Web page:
“What’s in a name? That which we call a rose by any other name would smell as sweet.” Shakespeare, Romeo and Juliet (II, ii, 1-2)
At CiscoLive 2011, more than 15,000 customers, partners, and thought leaders have came together to celebrate and explore the evolution and convergence of technology and business. I came away with even greater respect for the innovation taking place in today’s enterprises and excited by the role Cisco is taking in developing and delivering the network vision and solutions helping to drive that innovation. Read More »
Cisco Live’s first ever “Industrial Intelligence Day” focusing on manufacturing and industrial customer needs was judged a great success according to the feedback given at the sessions in Las Vegas this week. In an action packed day attendees heard about trends in network convergence between business IT and Industrial plant networks, and how standard Ethernet IP protocols were becoming prevalent in industrial and control networks.
As Master of Ceremonies, I had the pleasure of introducing Alan Cohen, Vice President, Global Public Sector & Industry Solutions. Alan kicked off the day talking about the care-abouts of executives in Manufacturers and how Cisco is addressing them. He used real-life customer examples such as Coca-Cola, General Motors, GE, Continental Tire and Anglo Platinum. Alan expressed how Cisco was helping these customers address the challenges of Growth, Market Transitions, Innovation, Risk and Goverance. This set up a good interactive environment for Bryce Barnes and John Parello to introduce Energy and Sustainability for the manufacturing sector. Bryce pointed out that 35% of all energy usage in the world is consumed by manufacturing industry and we added that that figure goes over 50% if you include the transportation and distribution of those manufactured goods and materials.
After watching John Chamber’s Insightful Keynote, delegates returned to hear Paul Didier and Chris Haley (both Cisco) and Gregory Wilcox (Rockwell Automation) talk about the status and trends for wired LANs including resilience and security with a fascinating presentation on Motion from Gregory. That was followed by wireless strategies from David Wolf and Scott Friberg from Cisco talking about wireless innovations and real-world testing where wireless is now deemed appropriate for time critical applications. Then delegates went to the main tent for a thought-provoking session. Read More »
Padma kicked off her talk with a few mind-boggling stats—did you know that currently 13 billion devices connect to the network? That equals two devices for every person on earth. That number is expected to grow to 50 billion devices, meaning each of us will own six. (I guess that means it’s ok if I lose my phone, I can always grab my tablet!)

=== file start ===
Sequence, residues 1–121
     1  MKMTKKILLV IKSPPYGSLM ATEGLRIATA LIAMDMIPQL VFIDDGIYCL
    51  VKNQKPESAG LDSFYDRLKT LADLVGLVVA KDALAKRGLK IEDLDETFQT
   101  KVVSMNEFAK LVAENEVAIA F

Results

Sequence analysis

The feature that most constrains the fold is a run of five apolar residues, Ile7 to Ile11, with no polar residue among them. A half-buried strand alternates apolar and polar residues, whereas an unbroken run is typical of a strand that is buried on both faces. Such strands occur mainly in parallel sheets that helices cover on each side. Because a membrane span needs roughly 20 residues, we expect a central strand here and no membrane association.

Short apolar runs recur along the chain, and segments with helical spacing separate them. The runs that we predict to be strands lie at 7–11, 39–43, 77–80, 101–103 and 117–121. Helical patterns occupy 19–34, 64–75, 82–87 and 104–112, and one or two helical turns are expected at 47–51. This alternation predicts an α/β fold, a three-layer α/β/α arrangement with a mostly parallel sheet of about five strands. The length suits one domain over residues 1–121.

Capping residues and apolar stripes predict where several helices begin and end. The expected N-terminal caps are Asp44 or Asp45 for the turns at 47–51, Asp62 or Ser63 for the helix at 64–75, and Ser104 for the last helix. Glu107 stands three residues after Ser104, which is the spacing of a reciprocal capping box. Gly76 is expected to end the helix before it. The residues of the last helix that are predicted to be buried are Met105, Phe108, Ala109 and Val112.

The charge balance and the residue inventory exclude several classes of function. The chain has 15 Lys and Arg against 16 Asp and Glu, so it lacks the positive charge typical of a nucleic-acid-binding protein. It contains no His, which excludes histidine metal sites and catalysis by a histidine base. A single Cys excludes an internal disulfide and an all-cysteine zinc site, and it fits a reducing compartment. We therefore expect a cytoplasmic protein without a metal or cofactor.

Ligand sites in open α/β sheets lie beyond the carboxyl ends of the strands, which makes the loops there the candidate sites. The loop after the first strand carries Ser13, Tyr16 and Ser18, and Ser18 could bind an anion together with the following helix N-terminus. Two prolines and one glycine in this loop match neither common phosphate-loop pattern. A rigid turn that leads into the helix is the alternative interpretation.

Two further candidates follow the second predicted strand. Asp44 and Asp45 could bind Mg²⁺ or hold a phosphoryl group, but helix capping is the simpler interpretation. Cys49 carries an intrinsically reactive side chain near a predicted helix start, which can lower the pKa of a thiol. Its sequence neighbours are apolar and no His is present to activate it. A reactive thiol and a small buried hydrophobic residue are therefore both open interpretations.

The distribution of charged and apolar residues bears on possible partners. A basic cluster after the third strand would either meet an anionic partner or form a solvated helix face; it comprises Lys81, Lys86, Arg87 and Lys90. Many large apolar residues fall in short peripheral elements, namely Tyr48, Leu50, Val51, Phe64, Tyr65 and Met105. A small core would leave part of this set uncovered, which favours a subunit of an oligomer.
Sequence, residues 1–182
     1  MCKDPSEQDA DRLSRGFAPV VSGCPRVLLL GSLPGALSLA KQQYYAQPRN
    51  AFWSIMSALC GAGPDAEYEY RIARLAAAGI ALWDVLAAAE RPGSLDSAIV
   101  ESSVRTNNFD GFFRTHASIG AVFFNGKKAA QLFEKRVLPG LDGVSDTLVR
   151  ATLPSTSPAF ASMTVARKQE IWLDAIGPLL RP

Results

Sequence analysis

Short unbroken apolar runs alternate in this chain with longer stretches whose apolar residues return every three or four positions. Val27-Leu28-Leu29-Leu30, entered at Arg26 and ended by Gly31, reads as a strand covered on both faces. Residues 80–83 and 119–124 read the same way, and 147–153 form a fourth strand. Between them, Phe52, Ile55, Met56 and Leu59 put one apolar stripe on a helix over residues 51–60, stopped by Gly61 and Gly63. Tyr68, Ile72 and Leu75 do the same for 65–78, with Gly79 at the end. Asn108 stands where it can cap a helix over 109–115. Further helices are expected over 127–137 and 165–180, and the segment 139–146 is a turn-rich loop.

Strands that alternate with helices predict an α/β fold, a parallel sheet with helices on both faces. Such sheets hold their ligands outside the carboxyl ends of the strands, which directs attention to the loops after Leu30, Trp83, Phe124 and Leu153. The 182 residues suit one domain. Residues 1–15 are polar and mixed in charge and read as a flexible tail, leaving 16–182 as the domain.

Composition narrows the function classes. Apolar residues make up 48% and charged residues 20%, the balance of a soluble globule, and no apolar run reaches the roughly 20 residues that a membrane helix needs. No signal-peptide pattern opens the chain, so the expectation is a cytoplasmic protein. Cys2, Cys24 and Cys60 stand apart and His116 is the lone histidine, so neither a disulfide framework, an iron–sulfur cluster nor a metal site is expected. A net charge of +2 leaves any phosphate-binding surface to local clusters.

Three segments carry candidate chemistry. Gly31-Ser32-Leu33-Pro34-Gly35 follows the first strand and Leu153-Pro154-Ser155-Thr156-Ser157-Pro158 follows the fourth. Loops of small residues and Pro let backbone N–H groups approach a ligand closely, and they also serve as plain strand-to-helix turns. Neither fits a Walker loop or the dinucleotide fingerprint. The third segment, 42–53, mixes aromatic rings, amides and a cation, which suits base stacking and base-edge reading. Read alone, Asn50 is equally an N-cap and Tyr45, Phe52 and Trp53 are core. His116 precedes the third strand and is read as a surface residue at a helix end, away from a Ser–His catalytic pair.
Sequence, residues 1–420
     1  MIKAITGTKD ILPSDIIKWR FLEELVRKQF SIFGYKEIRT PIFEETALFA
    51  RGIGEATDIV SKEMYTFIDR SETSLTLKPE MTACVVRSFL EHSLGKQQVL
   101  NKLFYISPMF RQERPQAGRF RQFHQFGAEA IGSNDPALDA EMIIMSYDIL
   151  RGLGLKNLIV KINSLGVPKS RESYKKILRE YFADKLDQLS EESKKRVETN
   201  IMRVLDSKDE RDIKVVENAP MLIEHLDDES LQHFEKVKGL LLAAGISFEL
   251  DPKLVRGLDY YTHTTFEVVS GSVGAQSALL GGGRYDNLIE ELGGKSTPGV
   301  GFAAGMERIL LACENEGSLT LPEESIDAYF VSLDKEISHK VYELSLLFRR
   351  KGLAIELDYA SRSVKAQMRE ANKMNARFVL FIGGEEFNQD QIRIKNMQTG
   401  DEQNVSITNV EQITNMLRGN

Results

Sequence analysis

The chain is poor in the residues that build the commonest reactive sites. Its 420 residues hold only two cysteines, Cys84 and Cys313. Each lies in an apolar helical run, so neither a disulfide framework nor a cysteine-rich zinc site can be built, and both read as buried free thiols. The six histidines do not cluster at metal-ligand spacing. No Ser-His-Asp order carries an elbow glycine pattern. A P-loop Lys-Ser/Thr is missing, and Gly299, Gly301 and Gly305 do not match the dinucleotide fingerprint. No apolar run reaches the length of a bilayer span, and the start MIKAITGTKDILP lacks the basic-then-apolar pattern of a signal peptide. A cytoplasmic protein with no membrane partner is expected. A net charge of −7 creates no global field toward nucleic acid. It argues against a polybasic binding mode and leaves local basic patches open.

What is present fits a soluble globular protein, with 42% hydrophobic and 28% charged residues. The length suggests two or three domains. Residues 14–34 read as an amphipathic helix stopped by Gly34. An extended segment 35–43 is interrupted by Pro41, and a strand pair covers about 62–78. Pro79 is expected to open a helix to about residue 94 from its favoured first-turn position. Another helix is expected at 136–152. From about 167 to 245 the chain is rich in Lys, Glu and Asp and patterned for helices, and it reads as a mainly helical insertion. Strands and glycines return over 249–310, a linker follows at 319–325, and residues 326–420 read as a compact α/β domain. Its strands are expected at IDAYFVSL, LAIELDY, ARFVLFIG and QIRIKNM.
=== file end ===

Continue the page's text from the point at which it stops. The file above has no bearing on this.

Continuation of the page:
And speaking of tablets, Padma said that by the end of her talk, she estimates that over 6000 tablets will have been sold. That’s a lot of devices that rely on the network—so how is Cisco is responding to the demand?
One of the delimmas that faces retailers today is the need to control costs and innovate to support new ways to providing a compelling shopping experience across all shopping channels.
In Jon Stine’s recent blog Big Pipes and Lean Stores, Jon talked about the store evolving into a living breathing web site. Just like a highly dynamic web site with rapidly changing content and integration to other channels, stores will need to replicate that functionality to serve the new generation of consumers. Retailers with traditional inflexible store IT infrastructure will find it very difficult to adapt to this dynamic environment in a cost effective manner.
Guest Brian Kilcourse, Managing Partner Retail Systems Research and Jon Stine will discuss the retailers who retailers must face this dieimma head on.
Michael Heffler, Retail Solutions Manager and Bart McGlothin, Retail Solutions Architect will present how retailers can rely on the network to reduce costs and increase flexibility.
In areas including Lean Store and Lean Data Center, this involves projects such as as simplifying and moving IT equipment from the store to the data center and leveraging virtualization and centralized management of IT services in the stores .
By moving to a network-based architecture with a belt (back-up) and suspenders (survivability) to deliver services, this strategy can help retailers evolve to a private and public cloud services platfom in the future.
Steven Ross, Vice President of Technology, Chico’s FAS, Inc. is our special guest and he will present on his experience with dynamic architecture and working with Cisco data center technologies.
As I travel the world, I ask my customers two simple questions:
First, are you virtualizing your data center? (Universally the answer is yes.)
Second, have you deployed any virtual security solution? (Universally the answer is no.)
Wow. How can this be? Does a virtual data center not need security? Not a chance. It needs security more than ever. Most customers are confining their virtualized infrastructure into secure zones, or virtual local area networks (VLANs). That’s useful for a first phase, but excessive VLAN segmentation holds us back from achieving the efficiencies of the utility computing model—and it also gets really complicated really quickly.